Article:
Echoing sentiments expressed by gay activists, Defense Secretary Robert Gates warned on Thursday that “Don't Ask, Don't Tell” remains in effect.

President Barack Obama signed on Wednesday a bill into law that repeals the military's ban on open gay service.

But the new law's language requires that the president and top Pentagon officials – Gates and Admiral Mike Mullen, the chairman of the Joint Chiefs of Staff – certify that the military is prepared for repeal. That condition was added in an effort to shore up Republican support for the bill.

“In order to prevent any confusion, I want to be perfectly clear: at this time, there are no new changes to any existing Department of Service policies,” Gates wrote in a memo to troops.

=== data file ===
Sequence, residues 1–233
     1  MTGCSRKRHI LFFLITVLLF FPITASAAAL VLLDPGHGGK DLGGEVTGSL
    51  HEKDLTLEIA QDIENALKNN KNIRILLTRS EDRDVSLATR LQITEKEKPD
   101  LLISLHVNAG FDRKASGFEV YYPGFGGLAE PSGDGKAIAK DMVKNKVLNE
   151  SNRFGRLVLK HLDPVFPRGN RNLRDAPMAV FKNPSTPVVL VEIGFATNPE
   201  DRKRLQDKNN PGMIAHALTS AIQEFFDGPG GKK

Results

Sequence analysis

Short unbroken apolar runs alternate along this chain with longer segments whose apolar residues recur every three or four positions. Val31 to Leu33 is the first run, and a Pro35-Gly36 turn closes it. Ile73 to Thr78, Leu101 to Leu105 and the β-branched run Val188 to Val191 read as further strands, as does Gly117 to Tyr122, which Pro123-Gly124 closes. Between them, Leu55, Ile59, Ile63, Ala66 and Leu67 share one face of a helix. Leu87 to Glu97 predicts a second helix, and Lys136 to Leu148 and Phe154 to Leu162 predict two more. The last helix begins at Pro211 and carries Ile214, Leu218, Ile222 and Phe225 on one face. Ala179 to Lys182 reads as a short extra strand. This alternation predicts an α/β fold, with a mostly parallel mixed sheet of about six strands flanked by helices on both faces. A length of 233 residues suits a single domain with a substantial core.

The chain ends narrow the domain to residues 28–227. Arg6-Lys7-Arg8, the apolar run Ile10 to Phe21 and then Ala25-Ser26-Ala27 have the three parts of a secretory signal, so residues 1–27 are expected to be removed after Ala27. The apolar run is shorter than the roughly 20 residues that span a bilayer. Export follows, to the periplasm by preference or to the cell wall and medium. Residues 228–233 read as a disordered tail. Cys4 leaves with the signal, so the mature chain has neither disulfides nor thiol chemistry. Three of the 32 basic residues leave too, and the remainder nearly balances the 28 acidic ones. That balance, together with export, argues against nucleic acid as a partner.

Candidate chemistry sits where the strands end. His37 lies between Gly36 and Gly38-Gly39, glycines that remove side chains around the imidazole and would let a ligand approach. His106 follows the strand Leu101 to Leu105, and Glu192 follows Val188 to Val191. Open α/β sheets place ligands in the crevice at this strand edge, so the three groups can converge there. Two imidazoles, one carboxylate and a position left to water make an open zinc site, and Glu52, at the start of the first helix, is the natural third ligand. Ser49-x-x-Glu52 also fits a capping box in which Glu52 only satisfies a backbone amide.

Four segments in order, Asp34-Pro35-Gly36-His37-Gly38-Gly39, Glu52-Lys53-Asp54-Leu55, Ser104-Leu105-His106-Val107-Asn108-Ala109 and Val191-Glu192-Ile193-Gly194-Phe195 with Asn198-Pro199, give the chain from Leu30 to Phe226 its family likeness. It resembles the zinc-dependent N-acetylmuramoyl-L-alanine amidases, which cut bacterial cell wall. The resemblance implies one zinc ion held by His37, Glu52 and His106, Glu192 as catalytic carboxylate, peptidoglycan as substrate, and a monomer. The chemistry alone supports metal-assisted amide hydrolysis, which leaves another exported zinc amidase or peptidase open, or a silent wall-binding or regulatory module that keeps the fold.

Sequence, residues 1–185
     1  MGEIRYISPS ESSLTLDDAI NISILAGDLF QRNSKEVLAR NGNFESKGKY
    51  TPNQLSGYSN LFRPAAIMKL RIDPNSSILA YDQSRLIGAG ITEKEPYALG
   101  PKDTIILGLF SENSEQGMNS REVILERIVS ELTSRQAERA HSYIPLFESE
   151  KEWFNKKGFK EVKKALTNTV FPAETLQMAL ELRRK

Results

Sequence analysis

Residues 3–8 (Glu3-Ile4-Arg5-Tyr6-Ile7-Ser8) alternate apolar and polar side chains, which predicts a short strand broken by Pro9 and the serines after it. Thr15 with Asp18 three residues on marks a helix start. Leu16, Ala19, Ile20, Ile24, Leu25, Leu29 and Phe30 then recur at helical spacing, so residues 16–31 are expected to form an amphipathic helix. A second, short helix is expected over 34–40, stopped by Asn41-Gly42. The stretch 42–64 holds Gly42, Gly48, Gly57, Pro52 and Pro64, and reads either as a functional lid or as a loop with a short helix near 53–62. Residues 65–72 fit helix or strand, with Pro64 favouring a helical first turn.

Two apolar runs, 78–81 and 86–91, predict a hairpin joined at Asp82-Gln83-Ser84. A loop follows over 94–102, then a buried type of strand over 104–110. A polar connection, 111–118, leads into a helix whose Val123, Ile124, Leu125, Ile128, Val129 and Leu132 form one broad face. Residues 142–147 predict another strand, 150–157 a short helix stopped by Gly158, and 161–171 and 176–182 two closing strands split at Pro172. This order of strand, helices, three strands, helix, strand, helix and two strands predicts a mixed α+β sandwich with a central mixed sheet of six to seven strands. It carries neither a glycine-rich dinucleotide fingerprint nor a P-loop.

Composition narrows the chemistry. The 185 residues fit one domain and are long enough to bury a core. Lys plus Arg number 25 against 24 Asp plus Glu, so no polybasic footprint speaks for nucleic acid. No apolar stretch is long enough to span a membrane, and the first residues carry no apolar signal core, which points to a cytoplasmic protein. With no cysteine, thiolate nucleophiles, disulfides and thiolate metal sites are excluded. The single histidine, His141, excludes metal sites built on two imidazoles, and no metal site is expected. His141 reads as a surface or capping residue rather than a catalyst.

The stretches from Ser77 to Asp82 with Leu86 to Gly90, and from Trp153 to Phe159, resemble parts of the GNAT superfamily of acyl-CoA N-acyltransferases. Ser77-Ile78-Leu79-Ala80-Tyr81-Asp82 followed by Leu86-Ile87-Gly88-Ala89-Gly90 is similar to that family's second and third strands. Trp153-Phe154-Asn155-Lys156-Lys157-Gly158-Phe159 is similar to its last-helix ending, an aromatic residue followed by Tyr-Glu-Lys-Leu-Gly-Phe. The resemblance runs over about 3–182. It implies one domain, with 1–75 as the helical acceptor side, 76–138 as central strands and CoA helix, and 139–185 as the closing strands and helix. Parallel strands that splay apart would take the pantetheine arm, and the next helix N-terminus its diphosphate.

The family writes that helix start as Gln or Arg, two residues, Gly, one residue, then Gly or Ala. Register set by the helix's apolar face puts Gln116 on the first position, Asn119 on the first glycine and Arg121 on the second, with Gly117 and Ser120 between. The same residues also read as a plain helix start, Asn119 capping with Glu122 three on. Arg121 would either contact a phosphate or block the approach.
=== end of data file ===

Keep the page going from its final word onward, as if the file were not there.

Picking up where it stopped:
“Service members who alter their personal conduct during this period may face adverse consequences,” he added.

Aubrey Sarvis, executive director of Servicemembers Legal Defense Network (SLDN), called on Gates to suspend all investigations during the interim period.

“Now, it's on to finishing the job at the Pentagon. Troops remain at risk under the law. We respectfully renew our call for Secretary Gates to use his authority to suspend all 'Don't Ask, Don't Tell' investigations and discharges during this limbo period. Until there is certification and until the 60-day implementation period must be wrapped up no later than the first quarter of 2011,” Sarvis said in a statement.

Gates also said that troops who opposed the new policy will not be allowed to leave the military before their commitment is up.